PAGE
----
Apparently gym life has its own vocabulary. Not too long ago my trainer was encouraging me to “become a beast” and became amused when he realized I wasn’t familiar with that phrase. He said that while he knew me to be the kind of person who likes classical music, and scented candles, and quiet time, when at the gym I need to embrace different qualities. In other words, I need to channel the part of me that is less restrained and who has the drive to go for it. Just as I knew during the many years that I struggled with my weight that at my core I wasn’t a fat person (a struggle that continues to this day), it seems that, deep down, I have a side of me that is competitive and driven and strong and maybe even wild. I just need to let her out.
Ever since K. first mentioned this “beast” thing, I can’t stop thinking about it. It seems such a useful metaphor for life both inside and outside the gym. When faced with challenges of any kind I want to act more confidently and more resolutely, with less hesitation and more laser-like focus. To go all out. Less inhibition, more instinct. More beast-like.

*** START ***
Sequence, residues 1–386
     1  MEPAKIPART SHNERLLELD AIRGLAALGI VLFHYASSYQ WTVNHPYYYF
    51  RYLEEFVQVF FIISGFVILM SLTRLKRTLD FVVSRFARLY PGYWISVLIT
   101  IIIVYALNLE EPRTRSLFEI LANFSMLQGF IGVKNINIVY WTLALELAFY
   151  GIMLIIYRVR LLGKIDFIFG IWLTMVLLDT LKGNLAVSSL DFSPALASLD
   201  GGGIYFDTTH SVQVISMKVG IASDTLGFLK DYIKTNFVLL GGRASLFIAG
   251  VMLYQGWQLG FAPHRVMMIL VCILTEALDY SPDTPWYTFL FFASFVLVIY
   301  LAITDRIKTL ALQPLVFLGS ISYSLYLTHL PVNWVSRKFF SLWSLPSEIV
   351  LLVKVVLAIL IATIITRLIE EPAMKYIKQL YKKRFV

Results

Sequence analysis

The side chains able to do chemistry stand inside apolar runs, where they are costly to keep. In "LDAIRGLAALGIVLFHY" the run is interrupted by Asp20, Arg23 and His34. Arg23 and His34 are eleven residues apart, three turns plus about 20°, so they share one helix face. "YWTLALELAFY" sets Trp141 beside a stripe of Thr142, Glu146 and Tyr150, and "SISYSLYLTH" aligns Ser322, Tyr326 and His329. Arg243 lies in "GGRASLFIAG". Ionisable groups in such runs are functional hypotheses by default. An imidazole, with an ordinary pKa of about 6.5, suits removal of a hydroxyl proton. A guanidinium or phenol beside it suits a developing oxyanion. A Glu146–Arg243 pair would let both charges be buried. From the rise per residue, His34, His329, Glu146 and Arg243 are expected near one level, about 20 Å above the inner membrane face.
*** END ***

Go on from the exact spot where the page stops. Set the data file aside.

Of course, it’s all well and good to think about becoming a beast; actually acting like a beast is quite another thing. When faced with a true challenge, who can I call forth – the “usual” me or the “buried deep down inside” me? A couple of days ago during boot camp, I focused on bringing out my beast. During the particularly challenging moments of the workout, I called upon my (hoped for!) hidden reserve of strength and will. I could actually hear the conversation going on in my head between “this is too hard” and “don’t you dare give up/you got this/quitting is not an option.” It’s hard to say whether thinking these thoughts helped me push further than I would have without them. Maybe “beastness” is a muscle and in being so acts like any other muscle. If so, I’ll need to overload it on a regular basis but also remember to give it time to rest and recover so that each time it can rebuild and come back stronger than before.